ESDI controller recommendations

John Plocher plocher%sally at Sun.COM
Wed Aug 30 06:22:56 AEST 1989

In article <4843 at>, brad at (Brad Templeton) writes:
> Surely it makes more sense for the OS to do all other cache duties.
> Why put the 512K in your drive when you can put it in your system and
> bump your cache there?   Other than the CPU overhead of maintaining the

We have here the timeless tradeoff between software and hardware.  The old
proven method of doing I/O is to use the main processor to shove the bits
all over the place.  e.g., MAC Video, Apple ][ floppy, IBM Serial I/O, IBM
hard disk, Sun Monochrome BW2 video, IBM VGA/EGA/CGA/MDA/Herc graphics...

This works well for a minimal system, but the high performance systems all
have migrated to the "add CPUs/smarts to the I/O system" camp.  Examples
here include Digiboard Com 8/i serial boards, TI/Intel graphics chips,
Adaptec SCSI host adapter, and the above mentioned DPT hard disk controller.

The DPT gives you several things besides the basic caching that an OS would find
hard to do simply:

	Host I/O works in parallel with controller/disk reads and writes
	Sector caching instead of track or cyl caching (finer granularity)
	8 sector automatic read ahead w/o missing a rotation - Data is returned to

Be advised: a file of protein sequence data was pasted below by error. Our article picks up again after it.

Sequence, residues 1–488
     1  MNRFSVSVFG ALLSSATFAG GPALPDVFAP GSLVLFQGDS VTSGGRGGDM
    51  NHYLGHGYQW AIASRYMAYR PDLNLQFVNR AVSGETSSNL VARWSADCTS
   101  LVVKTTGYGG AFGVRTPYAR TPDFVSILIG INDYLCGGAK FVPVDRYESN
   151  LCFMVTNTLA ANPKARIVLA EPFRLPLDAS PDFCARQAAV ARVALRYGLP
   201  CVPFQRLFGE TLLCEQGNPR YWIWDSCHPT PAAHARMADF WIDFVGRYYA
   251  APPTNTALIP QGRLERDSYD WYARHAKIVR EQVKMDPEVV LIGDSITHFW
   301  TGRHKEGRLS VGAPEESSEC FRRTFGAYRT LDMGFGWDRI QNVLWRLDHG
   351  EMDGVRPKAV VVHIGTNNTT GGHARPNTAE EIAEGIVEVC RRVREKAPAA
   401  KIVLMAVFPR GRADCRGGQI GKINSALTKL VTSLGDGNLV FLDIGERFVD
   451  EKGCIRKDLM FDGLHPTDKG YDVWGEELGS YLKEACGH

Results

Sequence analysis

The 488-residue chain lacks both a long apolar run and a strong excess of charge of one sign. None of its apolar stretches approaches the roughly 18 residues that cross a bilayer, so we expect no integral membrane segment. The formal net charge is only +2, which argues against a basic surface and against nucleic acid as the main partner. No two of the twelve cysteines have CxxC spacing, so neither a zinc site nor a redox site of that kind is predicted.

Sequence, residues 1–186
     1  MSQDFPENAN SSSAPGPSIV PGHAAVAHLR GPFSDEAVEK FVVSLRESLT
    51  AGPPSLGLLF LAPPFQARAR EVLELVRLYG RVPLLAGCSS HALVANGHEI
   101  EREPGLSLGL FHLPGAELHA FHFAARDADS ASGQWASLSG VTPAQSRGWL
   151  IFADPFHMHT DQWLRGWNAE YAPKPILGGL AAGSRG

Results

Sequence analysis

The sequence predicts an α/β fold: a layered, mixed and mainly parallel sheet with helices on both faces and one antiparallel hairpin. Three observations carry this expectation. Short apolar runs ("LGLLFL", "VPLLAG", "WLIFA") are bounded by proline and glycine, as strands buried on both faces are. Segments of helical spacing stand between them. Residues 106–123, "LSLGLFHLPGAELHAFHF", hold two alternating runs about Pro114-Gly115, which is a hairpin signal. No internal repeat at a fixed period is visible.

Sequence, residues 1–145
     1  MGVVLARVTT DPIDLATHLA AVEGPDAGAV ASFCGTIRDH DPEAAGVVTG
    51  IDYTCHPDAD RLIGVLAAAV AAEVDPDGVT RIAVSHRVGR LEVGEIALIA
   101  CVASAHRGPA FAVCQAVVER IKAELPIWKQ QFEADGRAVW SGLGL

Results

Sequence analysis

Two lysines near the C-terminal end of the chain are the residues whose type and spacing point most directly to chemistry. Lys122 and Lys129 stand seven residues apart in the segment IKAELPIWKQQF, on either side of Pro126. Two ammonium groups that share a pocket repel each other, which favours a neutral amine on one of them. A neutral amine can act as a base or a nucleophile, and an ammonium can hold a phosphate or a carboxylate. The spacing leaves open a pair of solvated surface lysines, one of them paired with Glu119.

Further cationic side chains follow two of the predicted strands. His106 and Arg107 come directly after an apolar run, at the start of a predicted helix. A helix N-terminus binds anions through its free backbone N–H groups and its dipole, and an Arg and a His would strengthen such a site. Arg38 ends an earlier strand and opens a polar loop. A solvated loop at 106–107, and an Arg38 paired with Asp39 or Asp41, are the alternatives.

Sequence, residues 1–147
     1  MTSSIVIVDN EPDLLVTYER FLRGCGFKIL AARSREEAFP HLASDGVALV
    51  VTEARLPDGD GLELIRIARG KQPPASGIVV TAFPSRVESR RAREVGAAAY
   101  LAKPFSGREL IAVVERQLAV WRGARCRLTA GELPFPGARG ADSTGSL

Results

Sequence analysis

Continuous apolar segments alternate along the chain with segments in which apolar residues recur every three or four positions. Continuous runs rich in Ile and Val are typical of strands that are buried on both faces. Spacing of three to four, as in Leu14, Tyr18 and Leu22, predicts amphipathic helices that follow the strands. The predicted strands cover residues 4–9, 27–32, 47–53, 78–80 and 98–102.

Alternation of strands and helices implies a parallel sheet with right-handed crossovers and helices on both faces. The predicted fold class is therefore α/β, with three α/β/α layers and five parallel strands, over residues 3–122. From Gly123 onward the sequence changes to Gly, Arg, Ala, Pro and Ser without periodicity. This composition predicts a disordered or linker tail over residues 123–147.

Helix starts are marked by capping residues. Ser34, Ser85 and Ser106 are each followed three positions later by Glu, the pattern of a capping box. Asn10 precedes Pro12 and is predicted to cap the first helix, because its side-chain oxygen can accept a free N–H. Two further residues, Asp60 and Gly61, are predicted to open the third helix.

host as soon as avaliable, not after all 8 sectors have been read in
	Read ahead is pre-empted by a cache miss from host
	Ordered write back - Writes are cached and elevator sorted by the controller
	250ms latency between host "write" and start of dirty-sector write back
		All writes "succeed" within 0.5ms, actual write may delay ~250ms
	Burst write back if more than 50% of the cache is dirty
	Geometry spoofing (you tell controller what actual geometry is, and what
		your OS can handle (DOS can not access > 1024 cyls, ...) and the
		controller maps between them transparently.

In general, pushing all this off onto the controller is a win because it simplifies
the OS design and results in less main processor overhead to handle I/O to the

    -John Plocher

A very happy owner of a DPT PM3011 RLL controller

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